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Taiwan wins rare UN invite

With nod from China, it will attend next month's World Health Assembly, but only as an "observer."

Taiwan's Health Minister Yeh Chin-chuan holds up a letter from Margaret Chan, Director of the World Health Organization (WHO), during a news conference. China has said it will allow Taiwan to attend the annual UN-sponsored World Health Assembly in May.


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Taiwan has won observer status at next month's World Health Assembly, the government said Wednesday, after China dropped its opposition to the island's presence at this year's gathering.

The invitation marks a breakthrough in Taiwan's long campaign for more participation in global groups, and comes amid a warming trend in cross-strait relations.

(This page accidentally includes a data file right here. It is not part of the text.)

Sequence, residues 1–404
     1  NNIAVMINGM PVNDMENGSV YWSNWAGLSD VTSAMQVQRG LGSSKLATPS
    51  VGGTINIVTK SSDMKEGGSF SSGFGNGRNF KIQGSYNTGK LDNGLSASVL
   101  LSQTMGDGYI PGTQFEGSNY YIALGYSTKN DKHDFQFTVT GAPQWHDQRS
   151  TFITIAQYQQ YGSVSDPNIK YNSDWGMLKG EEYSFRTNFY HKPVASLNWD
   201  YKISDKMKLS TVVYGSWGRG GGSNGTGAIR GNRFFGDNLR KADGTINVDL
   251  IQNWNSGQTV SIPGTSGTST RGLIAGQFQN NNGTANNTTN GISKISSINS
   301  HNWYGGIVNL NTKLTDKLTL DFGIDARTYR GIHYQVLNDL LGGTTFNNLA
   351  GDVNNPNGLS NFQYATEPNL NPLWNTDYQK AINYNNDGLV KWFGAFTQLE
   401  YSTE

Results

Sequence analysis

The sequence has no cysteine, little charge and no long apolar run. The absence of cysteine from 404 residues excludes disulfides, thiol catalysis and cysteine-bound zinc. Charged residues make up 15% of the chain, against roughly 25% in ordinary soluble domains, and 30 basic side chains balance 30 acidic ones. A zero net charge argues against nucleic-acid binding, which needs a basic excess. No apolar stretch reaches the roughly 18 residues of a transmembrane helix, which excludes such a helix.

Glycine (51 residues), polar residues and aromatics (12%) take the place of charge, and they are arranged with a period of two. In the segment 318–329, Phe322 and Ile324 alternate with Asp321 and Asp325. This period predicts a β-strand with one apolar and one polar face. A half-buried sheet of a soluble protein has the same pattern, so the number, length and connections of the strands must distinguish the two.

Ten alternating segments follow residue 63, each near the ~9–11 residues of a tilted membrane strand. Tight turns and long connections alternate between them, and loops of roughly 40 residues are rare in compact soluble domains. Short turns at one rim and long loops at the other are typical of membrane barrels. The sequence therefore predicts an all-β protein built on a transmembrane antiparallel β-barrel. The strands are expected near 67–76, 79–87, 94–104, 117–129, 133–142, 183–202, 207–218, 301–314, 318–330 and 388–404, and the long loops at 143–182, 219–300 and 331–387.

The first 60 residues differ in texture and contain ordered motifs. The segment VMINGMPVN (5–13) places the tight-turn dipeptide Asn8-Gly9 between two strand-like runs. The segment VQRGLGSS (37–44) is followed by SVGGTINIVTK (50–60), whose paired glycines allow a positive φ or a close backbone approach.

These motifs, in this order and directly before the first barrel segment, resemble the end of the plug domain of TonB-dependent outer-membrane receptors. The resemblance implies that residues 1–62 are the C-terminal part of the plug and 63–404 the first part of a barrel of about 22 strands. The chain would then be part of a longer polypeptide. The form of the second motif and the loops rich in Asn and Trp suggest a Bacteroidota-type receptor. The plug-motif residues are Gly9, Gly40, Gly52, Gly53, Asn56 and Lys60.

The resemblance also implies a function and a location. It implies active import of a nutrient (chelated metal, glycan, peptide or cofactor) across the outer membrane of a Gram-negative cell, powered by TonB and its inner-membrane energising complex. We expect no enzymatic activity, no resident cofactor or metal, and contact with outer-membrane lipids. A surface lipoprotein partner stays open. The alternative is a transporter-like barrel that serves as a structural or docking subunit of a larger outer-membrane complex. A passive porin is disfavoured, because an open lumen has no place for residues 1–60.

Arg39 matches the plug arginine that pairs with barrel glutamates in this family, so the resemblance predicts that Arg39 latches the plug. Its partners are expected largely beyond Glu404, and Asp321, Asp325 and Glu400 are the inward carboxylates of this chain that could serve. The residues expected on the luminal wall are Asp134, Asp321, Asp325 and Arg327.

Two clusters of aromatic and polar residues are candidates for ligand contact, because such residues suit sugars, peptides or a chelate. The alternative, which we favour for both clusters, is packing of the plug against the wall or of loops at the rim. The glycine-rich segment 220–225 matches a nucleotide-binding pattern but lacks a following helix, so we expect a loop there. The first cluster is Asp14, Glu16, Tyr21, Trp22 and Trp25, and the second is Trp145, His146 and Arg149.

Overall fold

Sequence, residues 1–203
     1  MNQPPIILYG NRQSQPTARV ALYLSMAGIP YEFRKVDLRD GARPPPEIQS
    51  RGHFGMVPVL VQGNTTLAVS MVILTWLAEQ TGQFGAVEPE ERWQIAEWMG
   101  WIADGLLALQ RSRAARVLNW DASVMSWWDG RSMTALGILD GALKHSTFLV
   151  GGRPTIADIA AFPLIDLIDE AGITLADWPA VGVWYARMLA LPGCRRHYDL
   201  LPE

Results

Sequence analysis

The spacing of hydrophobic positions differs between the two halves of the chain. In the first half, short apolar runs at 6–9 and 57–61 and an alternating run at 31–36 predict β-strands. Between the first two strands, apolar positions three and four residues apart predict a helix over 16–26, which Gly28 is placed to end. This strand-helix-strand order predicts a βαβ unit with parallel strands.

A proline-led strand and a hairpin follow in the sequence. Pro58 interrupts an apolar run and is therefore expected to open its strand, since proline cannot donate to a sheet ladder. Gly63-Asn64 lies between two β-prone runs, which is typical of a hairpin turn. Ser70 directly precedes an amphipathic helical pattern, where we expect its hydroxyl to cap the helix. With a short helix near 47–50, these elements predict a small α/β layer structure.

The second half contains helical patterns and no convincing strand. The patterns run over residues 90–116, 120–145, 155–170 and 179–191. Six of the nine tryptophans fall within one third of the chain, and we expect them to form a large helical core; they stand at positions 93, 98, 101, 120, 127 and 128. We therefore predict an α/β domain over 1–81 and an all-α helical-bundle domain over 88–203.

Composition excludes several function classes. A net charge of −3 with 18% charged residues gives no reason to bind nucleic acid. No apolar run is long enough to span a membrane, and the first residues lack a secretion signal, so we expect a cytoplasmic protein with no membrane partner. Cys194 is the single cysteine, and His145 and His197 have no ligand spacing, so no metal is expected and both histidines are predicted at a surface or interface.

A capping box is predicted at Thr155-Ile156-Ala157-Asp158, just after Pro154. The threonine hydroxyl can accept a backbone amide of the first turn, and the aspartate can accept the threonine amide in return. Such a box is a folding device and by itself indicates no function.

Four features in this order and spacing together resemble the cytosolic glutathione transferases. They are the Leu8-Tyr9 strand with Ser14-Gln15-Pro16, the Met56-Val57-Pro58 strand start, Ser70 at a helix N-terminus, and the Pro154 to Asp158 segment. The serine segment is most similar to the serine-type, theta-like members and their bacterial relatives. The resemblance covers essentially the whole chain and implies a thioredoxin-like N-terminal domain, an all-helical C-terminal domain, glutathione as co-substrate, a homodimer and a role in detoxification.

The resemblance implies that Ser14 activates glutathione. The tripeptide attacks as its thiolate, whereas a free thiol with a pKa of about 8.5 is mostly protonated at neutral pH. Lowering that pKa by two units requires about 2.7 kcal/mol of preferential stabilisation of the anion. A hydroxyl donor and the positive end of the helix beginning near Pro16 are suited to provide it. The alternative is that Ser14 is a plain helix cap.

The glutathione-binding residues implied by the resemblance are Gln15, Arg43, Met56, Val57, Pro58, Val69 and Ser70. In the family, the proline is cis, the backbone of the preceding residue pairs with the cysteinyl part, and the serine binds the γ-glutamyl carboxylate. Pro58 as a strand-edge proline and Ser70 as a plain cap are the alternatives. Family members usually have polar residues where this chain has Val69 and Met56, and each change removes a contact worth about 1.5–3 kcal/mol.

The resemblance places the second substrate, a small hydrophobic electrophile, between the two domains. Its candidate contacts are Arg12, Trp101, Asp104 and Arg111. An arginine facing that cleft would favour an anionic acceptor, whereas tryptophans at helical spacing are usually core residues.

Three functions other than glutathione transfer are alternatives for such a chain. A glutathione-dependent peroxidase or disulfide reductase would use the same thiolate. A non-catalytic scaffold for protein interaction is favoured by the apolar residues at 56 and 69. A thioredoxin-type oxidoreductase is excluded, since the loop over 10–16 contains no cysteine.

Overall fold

Taipei hailed it as a sign of China's goodwill, and as vindication of its strategy to engage Beijing pragmatically.

But the island's pro-independence opposition slammed the government for accepting a downgrade to Taiwan's sovereignty as the price of admission.

"The scope of Taiwan's participation will be decided by Beijing – it has the final word," says Lo Chi-cheng, a political scientist at Taipei's Soochow University. "So in a way, Beijing is the central government and Taiwan is like a local government. That's the problem we're facing now."

'Chinese Taipei'

Taiwan will participate under the name "Chinese Taipei" – the awkward moniker it also uses at the Olympics – in a nod to Beijing's sensitivities.

Rather than attend as a member country, it will be as something short of a nation – part of a motley group of "observers," which in the past have included the Palestine Liberation Organization and the Knights of Malta.

Critics noted that the invitation was only for this year's meeting, and only on Beijing's say-so. That means China could block Taiwan's participation in future years if it was displeased with Taipei, or if the pro-independence party returns to power.


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